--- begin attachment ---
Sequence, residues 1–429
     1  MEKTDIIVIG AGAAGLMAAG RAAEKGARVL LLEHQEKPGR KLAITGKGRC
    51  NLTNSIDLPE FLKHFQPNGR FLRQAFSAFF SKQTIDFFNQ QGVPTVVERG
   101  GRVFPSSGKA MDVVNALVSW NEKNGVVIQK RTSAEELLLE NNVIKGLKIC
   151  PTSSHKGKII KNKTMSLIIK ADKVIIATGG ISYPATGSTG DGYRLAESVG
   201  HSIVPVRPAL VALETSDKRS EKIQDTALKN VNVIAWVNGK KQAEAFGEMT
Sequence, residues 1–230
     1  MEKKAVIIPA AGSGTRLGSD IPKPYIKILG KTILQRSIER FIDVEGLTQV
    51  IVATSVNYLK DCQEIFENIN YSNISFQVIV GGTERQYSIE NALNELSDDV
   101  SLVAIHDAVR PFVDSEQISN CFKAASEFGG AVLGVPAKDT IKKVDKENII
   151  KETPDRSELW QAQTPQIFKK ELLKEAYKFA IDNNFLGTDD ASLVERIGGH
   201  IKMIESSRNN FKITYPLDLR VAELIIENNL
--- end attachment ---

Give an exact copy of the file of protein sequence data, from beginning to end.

Sequence, residues 1–429
     1  MEKTDIIVIG AGAAGLMAAG RAAEKGARVL LLEHQEKPGR KLAITGKGRC
    51  NLTNSIDLPE FLKHFQPNGR FLRQAFSAFF SKQTIDFFNQ QGVPTVVERG
   101  GRVFPSSGKA MDVVNALVSW NEKNGVVIQK RTSAEELLLE NNVIKGLKIC
   151  PTSSHKGKII KNKTMSLIIK ADKVIIATGG ISYPATGSTG DGYRLAESVG
   201  HSIVPVRPAL VALETSDKRS EKIQDTALKN VNVIAWVNGK KQAEAFGEMT
Sequence, residues 1–230
     1  MEKKAVIIPA AGSGTRLGSD IPKPYIKILG KTILQRSIER FIDVEGLTQV
    51  IVATSVNYLK DCQEIFENIN YSNISFQVIV GGTERQYSIE NALNELSDDV
   101  SLVAIHDAVR PFVDSEQISN CFKAASEFGG AVLGVPAKDT IKKVDKENII
   151  KETPDRSELW QAQTPQIFKK ELLKEAYKFA IDNNFLGTDD ASLVERIGGH
   201  IKMIESSRNN FKITYPLDLR VAELIIENNL